It’s 7pm and I’m watching an incredibly beautiful pink sunset over Australia’s Red Centre icon, Uluru.
As I recently moved to Mutitjulu, an aboriginal community at the foot of Uluru, I have the honour to say that the world’s biggest monolith is the view from my backyard.
How I ended up at Uluru
A little over a year ago, I decided to travel Australia on a ‘working holiday’. I booked myself a one-way ticket to Melbourne and found a job at Adventure Tours which opened my eyes to this country’s ancient and rich culture. Last year Adventure Tours launched a new aboriginal experience at Uluru; this is how I ended up working for their indigenous partner organisation, Maruku Arts, based at Mutitjulu community, at the foot of Uluru.
Moving to a remote aboriginal community
So many questions went through my mind when I was asked to move to a remote aboriginal community, 450 kilometres away from the nearest ‘larger’ outback town. Am I going to be able to say goodbye to the city life? Who else is living out there? What’s the accommodation like? How will I cope with the heat when it gets over 40°C? After Skyping with my future teammates about my concerns, I said yes to this unique opportunity. When else would I get the chance to live and work in the heart of the country with Aboriginal artists, Aussies and other Europeans from France, Spain and England? I’ve been here for two months now and I can tell you that I’ve had zero regrets.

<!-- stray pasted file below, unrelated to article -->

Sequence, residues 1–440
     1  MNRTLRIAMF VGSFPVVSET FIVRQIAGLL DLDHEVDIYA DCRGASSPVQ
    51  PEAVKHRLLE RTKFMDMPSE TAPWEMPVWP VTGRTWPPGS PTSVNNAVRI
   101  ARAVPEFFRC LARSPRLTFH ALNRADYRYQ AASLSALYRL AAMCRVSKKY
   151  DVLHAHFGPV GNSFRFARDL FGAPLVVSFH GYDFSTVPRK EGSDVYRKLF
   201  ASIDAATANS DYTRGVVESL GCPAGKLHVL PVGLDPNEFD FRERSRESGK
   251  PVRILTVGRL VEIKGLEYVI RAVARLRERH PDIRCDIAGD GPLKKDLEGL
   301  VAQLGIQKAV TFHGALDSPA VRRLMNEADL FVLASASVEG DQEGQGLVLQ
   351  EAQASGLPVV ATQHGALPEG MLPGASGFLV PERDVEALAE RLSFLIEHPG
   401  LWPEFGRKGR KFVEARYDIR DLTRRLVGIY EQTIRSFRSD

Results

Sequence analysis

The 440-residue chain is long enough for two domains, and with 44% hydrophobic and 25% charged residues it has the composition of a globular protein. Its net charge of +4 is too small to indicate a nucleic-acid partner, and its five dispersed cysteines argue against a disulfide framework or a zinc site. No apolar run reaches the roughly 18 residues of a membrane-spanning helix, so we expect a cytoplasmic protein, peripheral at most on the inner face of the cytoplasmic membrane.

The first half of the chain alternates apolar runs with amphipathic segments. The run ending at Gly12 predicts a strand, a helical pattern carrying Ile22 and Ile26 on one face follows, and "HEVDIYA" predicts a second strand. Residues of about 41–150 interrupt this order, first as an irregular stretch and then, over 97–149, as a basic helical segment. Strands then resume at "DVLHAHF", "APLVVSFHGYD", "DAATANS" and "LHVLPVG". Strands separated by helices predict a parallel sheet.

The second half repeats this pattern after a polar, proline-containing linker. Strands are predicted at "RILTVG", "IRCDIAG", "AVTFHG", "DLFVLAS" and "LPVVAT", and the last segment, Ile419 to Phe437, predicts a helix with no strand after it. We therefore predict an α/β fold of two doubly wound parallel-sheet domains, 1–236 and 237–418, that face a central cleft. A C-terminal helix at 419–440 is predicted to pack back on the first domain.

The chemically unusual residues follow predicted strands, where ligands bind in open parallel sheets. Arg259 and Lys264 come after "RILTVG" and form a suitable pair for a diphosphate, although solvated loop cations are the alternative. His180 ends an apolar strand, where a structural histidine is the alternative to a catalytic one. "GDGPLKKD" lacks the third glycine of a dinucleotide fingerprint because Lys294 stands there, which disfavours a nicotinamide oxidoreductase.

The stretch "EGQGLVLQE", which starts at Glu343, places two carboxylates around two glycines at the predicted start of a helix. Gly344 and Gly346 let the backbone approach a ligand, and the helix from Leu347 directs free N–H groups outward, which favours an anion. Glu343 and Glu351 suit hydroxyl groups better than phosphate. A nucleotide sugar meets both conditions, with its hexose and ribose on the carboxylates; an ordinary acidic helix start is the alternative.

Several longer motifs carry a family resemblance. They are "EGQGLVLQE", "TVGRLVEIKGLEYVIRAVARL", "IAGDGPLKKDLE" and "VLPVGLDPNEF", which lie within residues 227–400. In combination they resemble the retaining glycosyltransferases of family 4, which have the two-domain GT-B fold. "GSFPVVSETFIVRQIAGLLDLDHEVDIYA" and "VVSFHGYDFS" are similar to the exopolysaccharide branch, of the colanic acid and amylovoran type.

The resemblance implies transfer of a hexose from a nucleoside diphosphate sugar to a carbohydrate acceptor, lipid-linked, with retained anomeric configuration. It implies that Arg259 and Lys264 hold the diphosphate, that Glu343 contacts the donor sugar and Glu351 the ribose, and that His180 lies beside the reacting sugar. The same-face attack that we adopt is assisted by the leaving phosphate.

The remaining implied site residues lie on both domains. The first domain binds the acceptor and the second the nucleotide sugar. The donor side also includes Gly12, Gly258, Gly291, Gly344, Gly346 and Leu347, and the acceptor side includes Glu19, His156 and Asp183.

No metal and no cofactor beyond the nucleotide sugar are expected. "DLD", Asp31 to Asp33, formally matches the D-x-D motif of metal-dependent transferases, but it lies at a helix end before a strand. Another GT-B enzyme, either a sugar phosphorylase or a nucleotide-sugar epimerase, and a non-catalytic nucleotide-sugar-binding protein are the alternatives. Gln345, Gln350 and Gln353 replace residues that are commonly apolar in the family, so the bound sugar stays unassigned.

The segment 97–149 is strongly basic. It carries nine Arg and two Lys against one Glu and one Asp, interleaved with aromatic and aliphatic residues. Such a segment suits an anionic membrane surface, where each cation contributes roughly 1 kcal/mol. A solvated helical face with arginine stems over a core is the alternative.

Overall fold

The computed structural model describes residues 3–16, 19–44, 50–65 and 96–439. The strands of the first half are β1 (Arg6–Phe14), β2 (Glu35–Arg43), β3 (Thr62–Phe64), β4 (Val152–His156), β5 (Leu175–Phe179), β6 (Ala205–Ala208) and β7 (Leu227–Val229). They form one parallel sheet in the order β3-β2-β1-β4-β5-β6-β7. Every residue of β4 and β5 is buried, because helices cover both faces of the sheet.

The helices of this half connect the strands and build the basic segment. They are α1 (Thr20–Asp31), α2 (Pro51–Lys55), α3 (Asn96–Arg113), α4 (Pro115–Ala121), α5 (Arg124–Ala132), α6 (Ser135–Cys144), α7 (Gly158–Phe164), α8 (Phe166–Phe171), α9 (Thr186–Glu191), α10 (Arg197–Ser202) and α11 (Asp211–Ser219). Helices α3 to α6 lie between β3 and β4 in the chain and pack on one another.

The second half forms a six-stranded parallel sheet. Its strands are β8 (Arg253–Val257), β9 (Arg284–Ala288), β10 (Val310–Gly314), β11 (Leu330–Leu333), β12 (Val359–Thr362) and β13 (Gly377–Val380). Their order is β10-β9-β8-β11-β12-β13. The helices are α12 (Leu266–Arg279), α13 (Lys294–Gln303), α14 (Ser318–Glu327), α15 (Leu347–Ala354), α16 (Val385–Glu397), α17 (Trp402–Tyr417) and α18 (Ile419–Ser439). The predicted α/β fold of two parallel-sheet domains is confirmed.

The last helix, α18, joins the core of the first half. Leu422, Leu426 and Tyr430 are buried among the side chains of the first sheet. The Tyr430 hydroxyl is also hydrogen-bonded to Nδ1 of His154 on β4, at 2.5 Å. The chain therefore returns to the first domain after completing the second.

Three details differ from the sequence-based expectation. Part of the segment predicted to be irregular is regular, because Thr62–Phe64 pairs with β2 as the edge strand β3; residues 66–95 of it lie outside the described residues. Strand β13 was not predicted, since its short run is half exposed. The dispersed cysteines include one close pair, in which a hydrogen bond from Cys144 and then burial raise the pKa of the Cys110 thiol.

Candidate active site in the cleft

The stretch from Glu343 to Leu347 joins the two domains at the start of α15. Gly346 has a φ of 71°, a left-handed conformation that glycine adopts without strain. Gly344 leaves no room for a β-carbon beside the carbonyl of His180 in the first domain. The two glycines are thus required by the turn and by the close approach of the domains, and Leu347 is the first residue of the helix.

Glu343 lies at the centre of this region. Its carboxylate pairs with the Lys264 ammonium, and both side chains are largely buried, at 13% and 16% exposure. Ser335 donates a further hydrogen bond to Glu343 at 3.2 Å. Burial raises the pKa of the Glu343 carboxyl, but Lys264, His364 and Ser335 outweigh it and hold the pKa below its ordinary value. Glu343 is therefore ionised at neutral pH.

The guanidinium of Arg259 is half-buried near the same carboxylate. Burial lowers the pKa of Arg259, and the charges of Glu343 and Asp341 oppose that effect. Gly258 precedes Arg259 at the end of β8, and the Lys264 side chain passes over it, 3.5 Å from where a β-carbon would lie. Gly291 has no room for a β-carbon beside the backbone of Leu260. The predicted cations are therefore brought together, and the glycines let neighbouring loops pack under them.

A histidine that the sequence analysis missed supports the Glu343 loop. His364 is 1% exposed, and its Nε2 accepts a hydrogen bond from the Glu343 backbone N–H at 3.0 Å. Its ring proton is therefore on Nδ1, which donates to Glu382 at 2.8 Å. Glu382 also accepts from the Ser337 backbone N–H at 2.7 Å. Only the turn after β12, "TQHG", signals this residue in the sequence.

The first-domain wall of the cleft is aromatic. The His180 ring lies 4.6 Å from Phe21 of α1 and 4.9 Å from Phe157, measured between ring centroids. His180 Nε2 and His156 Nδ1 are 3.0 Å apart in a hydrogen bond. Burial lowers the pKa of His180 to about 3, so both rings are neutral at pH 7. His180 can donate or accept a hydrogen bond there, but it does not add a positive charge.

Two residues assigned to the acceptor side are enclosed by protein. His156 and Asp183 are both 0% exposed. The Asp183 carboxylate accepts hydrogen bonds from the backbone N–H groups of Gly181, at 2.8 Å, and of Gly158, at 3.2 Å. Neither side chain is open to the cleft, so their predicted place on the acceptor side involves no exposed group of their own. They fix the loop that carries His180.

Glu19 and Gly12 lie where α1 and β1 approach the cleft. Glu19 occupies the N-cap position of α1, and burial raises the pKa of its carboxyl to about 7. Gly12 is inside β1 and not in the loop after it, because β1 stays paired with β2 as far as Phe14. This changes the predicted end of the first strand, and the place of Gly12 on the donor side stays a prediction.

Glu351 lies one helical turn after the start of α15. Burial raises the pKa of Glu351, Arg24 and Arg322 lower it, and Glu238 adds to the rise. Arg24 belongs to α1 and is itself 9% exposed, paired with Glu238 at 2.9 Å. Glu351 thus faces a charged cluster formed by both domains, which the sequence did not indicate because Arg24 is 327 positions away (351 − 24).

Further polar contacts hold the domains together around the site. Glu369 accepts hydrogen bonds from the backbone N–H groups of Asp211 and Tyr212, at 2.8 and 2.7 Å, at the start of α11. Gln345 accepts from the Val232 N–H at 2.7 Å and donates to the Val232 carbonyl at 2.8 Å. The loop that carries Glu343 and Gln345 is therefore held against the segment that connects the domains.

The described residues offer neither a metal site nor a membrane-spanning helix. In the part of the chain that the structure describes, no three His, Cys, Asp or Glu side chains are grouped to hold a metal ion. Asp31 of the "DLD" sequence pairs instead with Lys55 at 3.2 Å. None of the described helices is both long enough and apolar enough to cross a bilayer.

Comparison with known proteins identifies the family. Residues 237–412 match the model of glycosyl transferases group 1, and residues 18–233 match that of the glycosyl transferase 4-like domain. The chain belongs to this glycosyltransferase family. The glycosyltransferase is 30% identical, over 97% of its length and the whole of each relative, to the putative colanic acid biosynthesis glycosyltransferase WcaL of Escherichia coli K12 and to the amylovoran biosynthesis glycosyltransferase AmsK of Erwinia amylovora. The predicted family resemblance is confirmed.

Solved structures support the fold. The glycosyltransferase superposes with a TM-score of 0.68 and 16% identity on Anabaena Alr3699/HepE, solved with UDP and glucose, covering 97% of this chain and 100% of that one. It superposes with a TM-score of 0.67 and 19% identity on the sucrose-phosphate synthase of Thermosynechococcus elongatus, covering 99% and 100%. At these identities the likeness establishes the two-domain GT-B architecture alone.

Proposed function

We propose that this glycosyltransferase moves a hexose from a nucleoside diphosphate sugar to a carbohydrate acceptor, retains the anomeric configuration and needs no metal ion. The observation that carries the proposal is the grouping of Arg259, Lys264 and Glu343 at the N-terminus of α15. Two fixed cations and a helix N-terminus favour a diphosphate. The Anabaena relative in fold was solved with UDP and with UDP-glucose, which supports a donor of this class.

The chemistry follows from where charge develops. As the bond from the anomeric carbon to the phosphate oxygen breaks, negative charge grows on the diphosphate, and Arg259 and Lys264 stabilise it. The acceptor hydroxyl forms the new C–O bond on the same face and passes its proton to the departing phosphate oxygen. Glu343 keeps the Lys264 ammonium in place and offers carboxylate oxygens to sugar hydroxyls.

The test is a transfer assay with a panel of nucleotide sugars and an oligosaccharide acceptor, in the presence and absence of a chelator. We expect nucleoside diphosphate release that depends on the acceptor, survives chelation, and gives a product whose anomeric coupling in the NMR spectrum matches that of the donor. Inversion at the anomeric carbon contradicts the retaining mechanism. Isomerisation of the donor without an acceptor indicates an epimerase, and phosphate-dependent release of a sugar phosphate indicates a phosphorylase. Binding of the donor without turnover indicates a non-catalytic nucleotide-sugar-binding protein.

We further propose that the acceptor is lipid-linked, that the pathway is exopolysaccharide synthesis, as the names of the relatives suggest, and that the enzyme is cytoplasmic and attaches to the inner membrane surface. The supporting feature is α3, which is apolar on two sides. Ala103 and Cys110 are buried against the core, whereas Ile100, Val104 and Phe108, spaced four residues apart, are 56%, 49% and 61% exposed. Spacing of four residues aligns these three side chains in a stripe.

Why I love my job
Maruku Arts is where I’m working. (‘maru’ means ‘black (skin)’and ‘ku’ means ‘of’ – ‘of the black skin). It is a not-for-profit craft company, owned and controlled by Anangu (Aboriginal people from the Central and Western deserts), one of the oldest living cultures in the world. For 35 years, Maruku’s goal has been to benefit the artists, their families and their communities, and to play a key role in keeping the traditional cultural practices alive throughout the Anangu lands.